../configure --enable-debug --enable-optimize --enable-address-sanitizer --disable-jemalloc
        make -j 8
    fi
    

    Getting Symbols in Address Sanitizer Traces

    By default, ASan traces are unsymbolized and only print the binary/library and a memory offset instead. In order to get more useful traces, containing symbols, there are two approaches.

    Using the LLVM Symbolizer (recommended)

    LLVM ships with a symbolizer binary that ASan will readily use to immediately output symbolized traces. To use it, just set the environment variable ASAN_SYMBOLIZER_PATH to reflect the location of your llvm-symbolizer binary, before running the process. If you downloaded a prebuilt package or made a try build, then the binary will be included in the tarball (same location as the firefox binary). If you've built ASan yourself, then you will want to set the variable to $LLVM_HOME/build/bin/llvm-symbolizer instead.

    Post-Processing Traces with asan_symbolize.py

    Instead of using the llvm-symbolizer binary, you can also pipe the output through the asan_symbolize.py script, shipped with LLVM ($LLVM_HOME/projects/compiler-rt/lib/asan/scripts/asan_symbolize.py). The disadvantage is that the script will need to use addr2line to get the symbols, which means that every library will have to be loaded into memory (including libxul, which takes a bit).

    However, in certain situations it makes sense to use this script. For example, if you have/received an unsymbolized trace, then you can still use the script to turn it into a symbolized trace, given that you can get the original binaries that produced the unsymbolized trace. In order for the script to work in such cases, you need to ensure that the paths in the trace point to the actual binaries, or change the paths accordingly.

    Since the output of the asan_symbolize.py script is still mangled, you might want to pipe the output also through c++filt afterwards.

    Troubleshooting / Known problems

    Cannot specify -o when generating multiple output files

    If you get the error "cannot specify -o when generating multiple output files" from clang, disable elf-hack in your mozconfig to work around the issue:

    ac_add_options --disable-elf-hack
    

    Optimized build

    Since an issue with -O2/-Os and ASan has been resolved, the regular optimizations used by Firefox should work without any problems. The optimized build has only a barely noticable speed penalty and seems to be even faster than regular debug builds.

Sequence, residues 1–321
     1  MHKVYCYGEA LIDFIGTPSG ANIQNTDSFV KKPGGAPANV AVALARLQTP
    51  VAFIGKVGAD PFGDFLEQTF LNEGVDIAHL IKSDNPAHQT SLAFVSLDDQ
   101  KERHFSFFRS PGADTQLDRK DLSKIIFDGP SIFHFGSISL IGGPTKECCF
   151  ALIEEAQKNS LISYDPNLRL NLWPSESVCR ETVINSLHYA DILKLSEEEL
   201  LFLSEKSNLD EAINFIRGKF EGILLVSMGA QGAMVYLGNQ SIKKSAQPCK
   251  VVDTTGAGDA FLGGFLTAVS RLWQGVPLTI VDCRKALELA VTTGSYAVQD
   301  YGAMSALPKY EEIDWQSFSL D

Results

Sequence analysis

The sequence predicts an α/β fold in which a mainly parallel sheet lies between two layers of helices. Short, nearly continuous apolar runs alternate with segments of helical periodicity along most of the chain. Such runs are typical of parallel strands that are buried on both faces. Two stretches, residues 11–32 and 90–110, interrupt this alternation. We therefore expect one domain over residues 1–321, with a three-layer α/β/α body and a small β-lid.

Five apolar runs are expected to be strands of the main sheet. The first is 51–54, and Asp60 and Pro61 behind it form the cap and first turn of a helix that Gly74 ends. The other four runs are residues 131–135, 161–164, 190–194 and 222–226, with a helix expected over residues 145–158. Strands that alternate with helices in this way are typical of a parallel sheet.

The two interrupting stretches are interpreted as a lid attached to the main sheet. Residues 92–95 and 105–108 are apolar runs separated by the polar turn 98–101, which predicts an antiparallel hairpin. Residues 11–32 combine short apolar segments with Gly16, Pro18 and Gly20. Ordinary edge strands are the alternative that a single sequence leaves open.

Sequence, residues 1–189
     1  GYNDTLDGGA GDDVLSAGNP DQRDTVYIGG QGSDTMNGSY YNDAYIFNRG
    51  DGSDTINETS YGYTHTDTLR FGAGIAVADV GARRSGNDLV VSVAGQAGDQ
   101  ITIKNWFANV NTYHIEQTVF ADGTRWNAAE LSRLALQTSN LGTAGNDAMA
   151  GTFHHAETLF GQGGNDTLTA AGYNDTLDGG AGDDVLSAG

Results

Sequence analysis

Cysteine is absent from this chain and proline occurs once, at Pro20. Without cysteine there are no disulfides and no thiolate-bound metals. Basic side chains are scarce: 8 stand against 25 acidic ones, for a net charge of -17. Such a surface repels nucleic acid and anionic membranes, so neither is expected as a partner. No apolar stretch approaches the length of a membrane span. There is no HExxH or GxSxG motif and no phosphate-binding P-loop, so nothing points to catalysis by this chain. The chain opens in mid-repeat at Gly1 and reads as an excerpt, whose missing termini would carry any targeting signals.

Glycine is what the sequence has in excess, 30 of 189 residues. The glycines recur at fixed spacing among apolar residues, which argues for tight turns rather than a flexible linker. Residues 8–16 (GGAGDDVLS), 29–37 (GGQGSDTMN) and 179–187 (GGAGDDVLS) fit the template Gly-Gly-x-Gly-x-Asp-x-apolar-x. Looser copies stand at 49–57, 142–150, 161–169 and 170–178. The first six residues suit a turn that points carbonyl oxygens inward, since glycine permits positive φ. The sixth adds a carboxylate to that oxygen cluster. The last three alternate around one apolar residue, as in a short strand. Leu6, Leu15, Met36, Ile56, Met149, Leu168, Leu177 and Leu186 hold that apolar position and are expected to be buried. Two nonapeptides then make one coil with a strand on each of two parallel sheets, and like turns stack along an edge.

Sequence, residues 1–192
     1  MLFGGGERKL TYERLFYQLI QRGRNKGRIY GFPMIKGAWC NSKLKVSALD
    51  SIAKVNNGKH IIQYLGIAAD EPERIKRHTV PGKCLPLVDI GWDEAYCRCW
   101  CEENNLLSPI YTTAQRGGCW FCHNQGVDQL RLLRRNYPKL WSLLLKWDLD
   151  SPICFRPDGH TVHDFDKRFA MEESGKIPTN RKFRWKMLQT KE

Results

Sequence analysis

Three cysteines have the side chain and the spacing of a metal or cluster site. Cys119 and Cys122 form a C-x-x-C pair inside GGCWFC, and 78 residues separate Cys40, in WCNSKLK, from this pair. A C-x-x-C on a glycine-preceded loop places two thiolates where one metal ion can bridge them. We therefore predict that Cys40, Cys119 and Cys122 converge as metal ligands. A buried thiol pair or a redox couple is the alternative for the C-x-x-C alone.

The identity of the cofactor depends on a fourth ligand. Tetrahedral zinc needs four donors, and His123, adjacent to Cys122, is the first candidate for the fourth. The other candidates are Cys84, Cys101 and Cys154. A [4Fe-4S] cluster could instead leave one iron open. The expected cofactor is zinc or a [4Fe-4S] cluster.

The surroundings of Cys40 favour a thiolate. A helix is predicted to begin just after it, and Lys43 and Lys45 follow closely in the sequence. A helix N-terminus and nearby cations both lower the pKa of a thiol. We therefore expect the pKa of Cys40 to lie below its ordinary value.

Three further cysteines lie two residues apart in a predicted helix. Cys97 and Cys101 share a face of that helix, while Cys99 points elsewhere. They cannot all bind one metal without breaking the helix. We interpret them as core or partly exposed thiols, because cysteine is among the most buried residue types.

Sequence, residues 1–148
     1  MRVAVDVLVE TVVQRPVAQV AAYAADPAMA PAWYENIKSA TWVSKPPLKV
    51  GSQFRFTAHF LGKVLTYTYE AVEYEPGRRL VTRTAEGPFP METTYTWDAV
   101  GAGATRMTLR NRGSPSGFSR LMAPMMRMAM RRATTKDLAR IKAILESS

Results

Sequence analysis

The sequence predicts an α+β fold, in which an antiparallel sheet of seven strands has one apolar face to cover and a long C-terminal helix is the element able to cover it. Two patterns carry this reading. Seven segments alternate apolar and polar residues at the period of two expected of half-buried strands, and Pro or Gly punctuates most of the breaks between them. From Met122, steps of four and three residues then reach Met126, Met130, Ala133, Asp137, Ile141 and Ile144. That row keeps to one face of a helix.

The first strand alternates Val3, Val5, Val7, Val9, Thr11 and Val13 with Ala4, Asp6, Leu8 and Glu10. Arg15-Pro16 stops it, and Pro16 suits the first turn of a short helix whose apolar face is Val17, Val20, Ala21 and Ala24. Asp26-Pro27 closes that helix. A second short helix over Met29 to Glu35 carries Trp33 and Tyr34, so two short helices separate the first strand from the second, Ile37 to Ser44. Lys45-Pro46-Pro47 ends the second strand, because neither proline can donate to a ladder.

Crashes on Ubuntu 11.10

    There seems to be a bug on Ubuntu 11.10 where binaries such as certutilshlibsign and other NSS tools just crash on startup. In conjunction you'll see warnings like

    /usr/bin/ld.bfd.real: /path/to/llvm/build/Release+Asserts/bin/../lib/clang/3.1/lib/linux/libclang_rt.asan-x86_64.a(asan_thread_registry.o)(.text+0x2d6): unresolvable R_X86_64_PLT32 relocation against symbol `memcpy@@GLIBC_2.2.5'
    

    during the build. The exact cause is currently not known but it might be a bug in ld on that Ubuntu version, as usinggold as the linker resolves the problem. To work around this problem, just do

    sudo apt-get install binutils-gold
    

    and gold will be your default linker. This comes with the positive side effect that your build will be a few minutes faster due to less linking time required.

    Recent cmake on Ubuntu 12.04 LTS

    Unfortunately, the current Ubuntu LTS comes with a cmake version that is too old for building compiler-rt (2.8.7). There are several PPAs available though that have newer cmake available, e.g. https://launchpad.net/~irie/+archive/cmake . This PPA has been confirmed to work, but use at your own risk of course.

    Debugging issues that ASan finds

    When ASan discovers an issue it will simply print an error message and exit the app. To stop the app in a debugger before ASan exits it, set a breakpoint in __asan_report_error. For more info on using ASan and debugging issues that it uncovers, see the Google Code Address Sanitizer wiki page.

    LeakSanitizer

    LeakSanitizer (LSan) is a special execution mode for regular ASan.  It takes advantage of how ASan tracks the set of live blocks at any given point to print out the allocation stack of any block that is still alive at shutdown, but is not reachable from the stack, according to a conservative scan.  This is very useful for detecting leaks of things such as char* that do not participate in the usual Gecko shutdown leak detection.

    To make an ASan build run LSan, set the environment variable ASAN_OPTIONS to detect_leaks=1 (or add it as an entry to a :-separated list if it is already set to something).  If you are using a non-debug build, you will also want to set the environment variable MOZ_CC_RUN_DURING_SHUTDOWN=1, to ensure that we run shutdown GCs and CCs to avoid spurious leaks.

    If an object that is reported by LSan is intentionally never freed, a symbol can be added to build/sanitizers/lsan_suppressions.txt to get LSan to ignore it.

    For some more information on LSan, see the Google Code Leak Sanitizer wiki page.

    Document Tags and Contributors

    Last updated by: jldavis,